Digital legacy: A guide digital memory making
02 June 2023
With technology being part of everyday life for many of us, you could start doing some of the fun parts of creating your digital legacy today. Your digital legacy isn’t all form filling, list writing and making important decisions, it’s also about creating memories and making the most of living life!
We’ve written a mini-series of blogs with help from Paula Fowler, a former Barclays Digital Eagle, to help explain what a digital legacy is. In this last blog of the series, we’ll see what Paula’s been doing as part of her digital legacy and find out what some of the Digital Eagles have started as they plan their digital legacies.
We’re working with Paula Fowler, a former Barclays Digital Eagle diagnosed with terminal cancer over 5 years ago. Throughout this series of blogs, Paula shares lessons she’s learned, bumps along the way and how she’s turned personal devastation into self-discovery.
She's helped us to create blogs covering the following:
A guide to getting started with your digital legacy. In this blog we explain what a digital legacy is, why it’s important to think about it while you’re alive, and the digital skills you might need to get started.
A guide to controlling your digital legacy. In this blog we’ll cover some of the most important things to consider, including digital account security, how to store your data safely, and how to ensure your wishes are accessible once you’re not around.
A guide to digital memory making. In this blog we’ll show you some of the ways you can get creative digitally to ensure your loved ones can access any treasured memories you've created.
Watch this short video to hear Paula explain why digital memory making is such an important part of creating your digital legacy.
Digital Eagles and their legacies
Creating and storing memories can be a really fun thing to do. You don’t need to have a terminal diagnosis like Paula to start thinking about what you can do digitally to create lasting memories. Take a look at what some of the Digital Eagle team have been doing.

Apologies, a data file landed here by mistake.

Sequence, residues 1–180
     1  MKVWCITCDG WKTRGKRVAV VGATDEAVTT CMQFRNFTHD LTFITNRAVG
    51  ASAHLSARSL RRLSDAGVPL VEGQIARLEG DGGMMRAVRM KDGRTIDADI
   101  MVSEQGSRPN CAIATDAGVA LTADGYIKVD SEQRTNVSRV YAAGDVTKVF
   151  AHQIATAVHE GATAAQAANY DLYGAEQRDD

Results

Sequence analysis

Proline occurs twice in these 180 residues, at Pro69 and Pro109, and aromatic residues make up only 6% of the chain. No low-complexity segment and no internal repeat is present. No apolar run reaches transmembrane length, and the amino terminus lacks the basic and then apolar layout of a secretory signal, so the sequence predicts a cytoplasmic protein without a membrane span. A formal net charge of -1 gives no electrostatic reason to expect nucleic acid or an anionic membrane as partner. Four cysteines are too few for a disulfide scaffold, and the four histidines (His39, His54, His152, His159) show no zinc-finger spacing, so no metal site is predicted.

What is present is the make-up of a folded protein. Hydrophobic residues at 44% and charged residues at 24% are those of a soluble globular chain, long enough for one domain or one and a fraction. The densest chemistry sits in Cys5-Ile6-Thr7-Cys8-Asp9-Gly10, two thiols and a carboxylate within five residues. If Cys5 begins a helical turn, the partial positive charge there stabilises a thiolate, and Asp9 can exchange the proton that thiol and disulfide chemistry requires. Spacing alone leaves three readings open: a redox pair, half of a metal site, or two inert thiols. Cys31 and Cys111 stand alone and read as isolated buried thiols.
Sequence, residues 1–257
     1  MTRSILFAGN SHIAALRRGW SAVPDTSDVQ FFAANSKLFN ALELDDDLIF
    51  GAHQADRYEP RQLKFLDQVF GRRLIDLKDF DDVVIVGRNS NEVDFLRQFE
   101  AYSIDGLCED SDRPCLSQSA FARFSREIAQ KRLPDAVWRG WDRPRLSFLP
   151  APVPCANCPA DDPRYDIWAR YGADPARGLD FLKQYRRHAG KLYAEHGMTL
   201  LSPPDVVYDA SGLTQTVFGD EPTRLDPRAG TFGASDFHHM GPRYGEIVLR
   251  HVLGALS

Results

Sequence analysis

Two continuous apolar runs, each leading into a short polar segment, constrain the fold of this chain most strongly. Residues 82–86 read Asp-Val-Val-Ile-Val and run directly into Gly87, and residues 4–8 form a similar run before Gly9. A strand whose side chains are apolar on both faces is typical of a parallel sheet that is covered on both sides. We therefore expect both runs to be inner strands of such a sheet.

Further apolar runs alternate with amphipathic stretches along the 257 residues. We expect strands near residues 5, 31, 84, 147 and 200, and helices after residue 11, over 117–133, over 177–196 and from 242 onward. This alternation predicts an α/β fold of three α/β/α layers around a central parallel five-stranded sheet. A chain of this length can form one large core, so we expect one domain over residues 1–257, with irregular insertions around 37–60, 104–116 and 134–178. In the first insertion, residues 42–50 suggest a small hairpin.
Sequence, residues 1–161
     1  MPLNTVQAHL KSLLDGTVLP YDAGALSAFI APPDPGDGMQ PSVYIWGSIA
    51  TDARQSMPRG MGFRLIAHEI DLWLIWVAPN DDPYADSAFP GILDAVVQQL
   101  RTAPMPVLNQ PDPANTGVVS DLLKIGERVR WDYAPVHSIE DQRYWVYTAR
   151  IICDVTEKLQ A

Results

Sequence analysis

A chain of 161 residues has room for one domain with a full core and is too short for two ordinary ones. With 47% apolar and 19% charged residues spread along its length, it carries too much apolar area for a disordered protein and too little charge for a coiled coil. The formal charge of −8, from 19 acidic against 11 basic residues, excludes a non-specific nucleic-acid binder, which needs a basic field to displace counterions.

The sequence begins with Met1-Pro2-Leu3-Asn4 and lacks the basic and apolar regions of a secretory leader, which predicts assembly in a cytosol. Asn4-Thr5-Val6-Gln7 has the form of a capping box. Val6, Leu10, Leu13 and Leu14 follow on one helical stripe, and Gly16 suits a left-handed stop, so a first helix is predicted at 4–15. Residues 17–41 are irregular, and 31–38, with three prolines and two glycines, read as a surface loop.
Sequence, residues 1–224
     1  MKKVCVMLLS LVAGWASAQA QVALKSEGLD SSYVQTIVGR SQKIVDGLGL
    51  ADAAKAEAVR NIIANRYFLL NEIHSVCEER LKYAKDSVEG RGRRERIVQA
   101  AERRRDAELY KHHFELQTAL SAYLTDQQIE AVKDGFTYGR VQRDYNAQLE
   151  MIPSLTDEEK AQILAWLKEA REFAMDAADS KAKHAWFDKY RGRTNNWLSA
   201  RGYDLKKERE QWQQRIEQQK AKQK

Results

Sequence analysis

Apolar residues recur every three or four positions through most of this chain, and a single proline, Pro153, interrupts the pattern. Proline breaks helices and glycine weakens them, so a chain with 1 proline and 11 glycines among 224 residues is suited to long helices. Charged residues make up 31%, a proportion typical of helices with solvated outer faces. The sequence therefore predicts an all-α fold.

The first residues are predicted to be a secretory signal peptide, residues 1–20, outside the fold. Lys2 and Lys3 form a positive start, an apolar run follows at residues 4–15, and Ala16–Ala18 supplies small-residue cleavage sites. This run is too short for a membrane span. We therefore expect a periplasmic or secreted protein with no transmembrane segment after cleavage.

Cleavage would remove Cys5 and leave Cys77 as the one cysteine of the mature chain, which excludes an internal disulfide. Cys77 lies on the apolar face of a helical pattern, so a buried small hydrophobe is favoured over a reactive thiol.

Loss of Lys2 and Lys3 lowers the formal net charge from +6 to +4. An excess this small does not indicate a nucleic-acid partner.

Create an email account for a child
Just before my son was born, I decided to create an email account for him that only I’d be able to access until he’s 18. I began emailing his account by story telling the journey his mother and I took to bring him into the world and all about the pregnancy.
Once he arrived, I continued to email him every month with things he learned, how he grew and all the exciting things we were doing as a family of three!
After 12 months of doing this, I reduced the emails to every milestone or major event but each one contained short descriptions and pictures. The reason why I wanted to do this was to capture memories of Felix’s life all in one place and give him an opportunity to reflect on his life when he grows older.
Creating an email account for someone else is simple. It’s a great way to save special moments digitally for someone to read later in their lives.
Some of the things you could include in your emails are:
- Milestones - make a note of the 'firsts' - first tooth, first steps and first haircut
- Travel – learning to ride a bike, or going on their first holiday and seeing the sea for the first time
- Special moments – you could make a note of the funny things they’ve said to you, the time they played the inn-keeper in the school nativity, or special family events like being a ring bearer at a family wedding